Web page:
By Diana Chabai (@dianachabai)
As soon as I walked into Folklorama‘s Chilean Pavilion, I suddenly realized I knew nothing about Chile. I knew it’s in South America, but that’s about it.
Thankfully, the first thing you see when you walk in is the cultural display, where you can learn about the country before watching the show. For example, I learned that Easter Island is in Chile — and you can take a selfie with the famed Easter Island Heads. The display has tables for each region with artifacts covering every square inch of the table, giving some history and a glimpse into life in the most southern South American country (which also means it’s the closest to Antarctica — something else I realized while there).
I approached the menu board and was surprised at how inexpensive all the items were — the highest price was $7. I wrongly assumed that this meant the quantities would be small, so I got both the chicken empanada (about the size of a calzone), and the pastel de choclo, or corn pie (about the size of a large slice of lasagna). The empanada’s pastry is fresh and flaky, and I suggest getting it with the slightly spicy, house-made salsa. The sweet corn pie is a meal all on its own, mixed with meat and other vegetables baked inside.
My dining partner had the chacarero, a burger of sorts, with a thin slice of beef, tomatoes, and what we believed to be sliced green beans between a bun. If you’re looking to eat something that doesn’t require cutlery, this would be your best bet.
The Chilean Pavilion’s write up in the Folklorama program boasts about the borgoña, a mixture of red wine, sugar, and strawberries, so I knew I had to try it. It’s sweeter than sangria, and you get a strawberry piece in your mouth with every sip. It’s an excellent summer drink.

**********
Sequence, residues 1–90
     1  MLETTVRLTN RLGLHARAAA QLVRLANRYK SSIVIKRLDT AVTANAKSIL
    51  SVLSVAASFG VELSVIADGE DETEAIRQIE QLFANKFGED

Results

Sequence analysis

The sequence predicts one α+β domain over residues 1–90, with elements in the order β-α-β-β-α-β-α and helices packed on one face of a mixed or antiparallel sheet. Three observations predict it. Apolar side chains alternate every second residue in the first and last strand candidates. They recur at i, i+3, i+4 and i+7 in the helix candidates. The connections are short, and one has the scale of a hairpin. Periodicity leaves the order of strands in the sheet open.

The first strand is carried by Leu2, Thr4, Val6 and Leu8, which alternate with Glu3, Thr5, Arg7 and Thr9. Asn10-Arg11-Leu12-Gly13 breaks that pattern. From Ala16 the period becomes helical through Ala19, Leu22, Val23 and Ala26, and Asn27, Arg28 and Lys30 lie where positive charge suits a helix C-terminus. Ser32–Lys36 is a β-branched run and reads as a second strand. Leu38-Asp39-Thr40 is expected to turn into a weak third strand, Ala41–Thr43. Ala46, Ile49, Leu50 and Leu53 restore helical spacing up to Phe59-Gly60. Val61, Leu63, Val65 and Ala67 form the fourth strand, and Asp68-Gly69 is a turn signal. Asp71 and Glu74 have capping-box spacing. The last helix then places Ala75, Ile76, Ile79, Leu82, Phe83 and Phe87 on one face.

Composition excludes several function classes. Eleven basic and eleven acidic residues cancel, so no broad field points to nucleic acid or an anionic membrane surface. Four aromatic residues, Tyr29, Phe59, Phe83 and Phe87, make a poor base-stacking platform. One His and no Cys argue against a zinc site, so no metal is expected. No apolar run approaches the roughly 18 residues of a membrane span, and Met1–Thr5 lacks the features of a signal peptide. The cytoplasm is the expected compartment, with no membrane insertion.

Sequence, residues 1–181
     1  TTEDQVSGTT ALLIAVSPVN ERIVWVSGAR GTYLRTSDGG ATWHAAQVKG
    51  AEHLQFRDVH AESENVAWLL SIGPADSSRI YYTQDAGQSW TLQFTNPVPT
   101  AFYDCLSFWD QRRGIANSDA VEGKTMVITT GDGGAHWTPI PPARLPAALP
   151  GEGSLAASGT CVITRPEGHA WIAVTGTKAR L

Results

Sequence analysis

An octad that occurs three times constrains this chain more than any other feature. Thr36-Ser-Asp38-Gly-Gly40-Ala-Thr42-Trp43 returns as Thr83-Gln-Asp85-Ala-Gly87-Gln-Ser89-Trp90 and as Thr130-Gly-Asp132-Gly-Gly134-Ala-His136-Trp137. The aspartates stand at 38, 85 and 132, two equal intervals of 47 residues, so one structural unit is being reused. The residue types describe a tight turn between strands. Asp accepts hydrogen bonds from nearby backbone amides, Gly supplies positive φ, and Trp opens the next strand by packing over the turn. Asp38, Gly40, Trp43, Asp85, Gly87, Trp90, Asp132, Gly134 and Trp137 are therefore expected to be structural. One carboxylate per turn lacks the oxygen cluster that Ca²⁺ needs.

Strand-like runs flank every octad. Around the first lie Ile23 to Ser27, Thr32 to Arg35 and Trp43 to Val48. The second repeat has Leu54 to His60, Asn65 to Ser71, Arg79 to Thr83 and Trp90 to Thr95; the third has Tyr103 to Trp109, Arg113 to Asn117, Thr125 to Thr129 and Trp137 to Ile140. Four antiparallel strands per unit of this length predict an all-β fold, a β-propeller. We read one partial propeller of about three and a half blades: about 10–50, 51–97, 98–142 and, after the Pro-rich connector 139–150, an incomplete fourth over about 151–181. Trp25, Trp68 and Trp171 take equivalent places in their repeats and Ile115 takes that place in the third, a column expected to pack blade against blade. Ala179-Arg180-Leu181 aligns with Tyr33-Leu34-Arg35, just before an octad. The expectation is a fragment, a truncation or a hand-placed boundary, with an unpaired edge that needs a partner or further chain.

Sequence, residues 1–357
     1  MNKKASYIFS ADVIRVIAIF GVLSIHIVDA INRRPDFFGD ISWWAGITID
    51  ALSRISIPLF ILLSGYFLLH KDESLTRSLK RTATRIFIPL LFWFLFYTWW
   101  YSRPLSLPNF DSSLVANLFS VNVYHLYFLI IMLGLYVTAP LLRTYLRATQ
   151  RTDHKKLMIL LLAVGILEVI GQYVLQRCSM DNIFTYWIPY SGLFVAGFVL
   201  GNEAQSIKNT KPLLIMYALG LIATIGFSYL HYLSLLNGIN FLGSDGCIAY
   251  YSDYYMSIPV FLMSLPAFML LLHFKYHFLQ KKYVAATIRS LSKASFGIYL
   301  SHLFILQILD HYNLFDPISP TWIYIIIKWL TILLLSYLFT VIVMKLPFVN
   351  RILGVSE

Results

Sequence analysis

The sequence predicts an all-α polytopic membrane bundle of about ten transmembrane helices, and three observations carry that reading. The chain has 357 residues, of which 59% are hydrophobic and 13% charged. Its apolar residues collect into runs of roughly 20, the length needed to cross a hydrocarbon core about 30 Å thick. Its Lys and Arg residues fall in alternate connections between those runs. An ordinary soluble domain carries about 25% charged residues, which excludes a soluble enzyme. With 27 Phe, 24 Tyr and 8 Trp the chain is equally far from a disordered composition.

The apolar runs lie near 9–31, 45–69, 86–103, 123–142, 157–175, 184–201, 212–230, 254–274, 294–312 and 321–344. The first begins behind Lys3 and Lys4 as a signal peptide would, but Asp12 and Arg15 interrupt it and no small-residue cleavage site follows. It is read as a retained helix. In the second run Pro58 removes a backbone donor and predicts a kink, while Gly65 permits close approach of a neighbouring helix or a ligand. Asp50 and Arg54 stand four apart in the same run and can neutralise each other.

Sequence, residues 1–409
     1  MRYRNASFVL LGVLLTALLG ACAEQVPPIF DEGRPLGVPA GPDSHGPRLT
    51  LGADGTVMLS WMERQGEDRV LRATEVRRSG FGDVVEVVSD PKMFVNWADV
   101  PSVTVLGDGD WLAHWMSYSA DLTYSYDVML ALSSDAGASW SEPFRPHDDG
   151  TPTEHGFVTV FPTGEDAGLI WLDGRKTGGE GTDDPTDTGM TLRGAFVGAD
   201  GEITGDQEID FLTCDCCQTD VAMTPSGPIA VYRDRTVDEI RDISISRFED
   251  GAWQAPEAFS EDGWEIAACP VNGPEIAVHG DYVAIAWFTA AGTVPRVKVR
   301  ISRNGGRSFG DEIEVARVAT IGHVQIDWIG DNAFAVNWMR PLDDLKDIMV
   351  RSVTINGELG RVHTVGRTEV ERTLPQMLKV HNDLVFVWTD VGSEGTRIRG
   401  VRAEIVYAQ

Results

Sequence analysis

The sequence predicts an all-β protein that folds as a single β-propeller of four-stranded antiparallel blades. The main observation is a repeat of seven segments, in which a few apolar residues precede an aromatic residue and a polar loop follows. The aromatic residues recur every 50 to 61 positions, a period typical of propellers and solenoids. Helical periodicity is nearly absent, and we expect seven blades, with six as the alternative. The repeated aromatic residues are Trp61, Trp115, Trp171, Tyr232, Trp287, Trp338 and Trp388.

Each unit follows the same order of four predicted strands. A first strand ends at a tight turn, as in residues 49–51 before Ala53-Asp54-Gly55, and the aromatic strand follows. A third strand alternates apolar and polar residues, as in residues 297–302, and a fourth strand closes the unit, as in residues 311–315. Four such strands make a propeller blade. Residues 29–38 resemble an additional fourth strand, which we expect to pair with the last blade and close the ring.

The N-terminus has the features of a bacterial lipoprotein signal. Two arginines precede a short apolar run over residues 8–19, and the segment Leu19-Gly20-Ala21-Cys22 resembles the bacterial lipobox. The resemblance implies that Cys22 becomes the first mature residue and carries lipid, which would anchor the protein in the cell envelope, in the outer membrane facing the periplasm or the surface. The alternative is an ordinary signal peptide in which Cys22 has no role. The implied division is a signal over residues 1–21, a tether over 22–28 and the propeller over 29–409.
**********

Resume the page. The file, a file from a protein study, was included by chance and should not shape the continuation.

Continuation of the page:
The mainstage show started off the way most Folklorama performances start off: very adorable children performing a folk dance, moseying around the stage wearing traditional garb. The 45-minute show is entertaining and colourful, but the real party starts when the dude in the bird mask walks in. The performance that follows is mesmerizing. More masks, more colours, and more costumes all follow, dancing to upbeat music throughout the venue, not just onstage. The performers should be praised for their ability to dance in the heat, let alone in thick costumes with the spotlight on. It’s hard to take your eyes off of them.
Go if: You have kids in tow — the food is affordable, especially for the large quantity, and you can easily feed four people for $10 each, beverages included.
Avoid if: It’s a particularly hot day — the Notre Dame Recreational Centre is not air conditioned, combined with the hot food, it might leave you sweating.
The Chilean Pavilion and the 48th annual Folklorama run now until August 19. For more information, visit Folklorama.ca.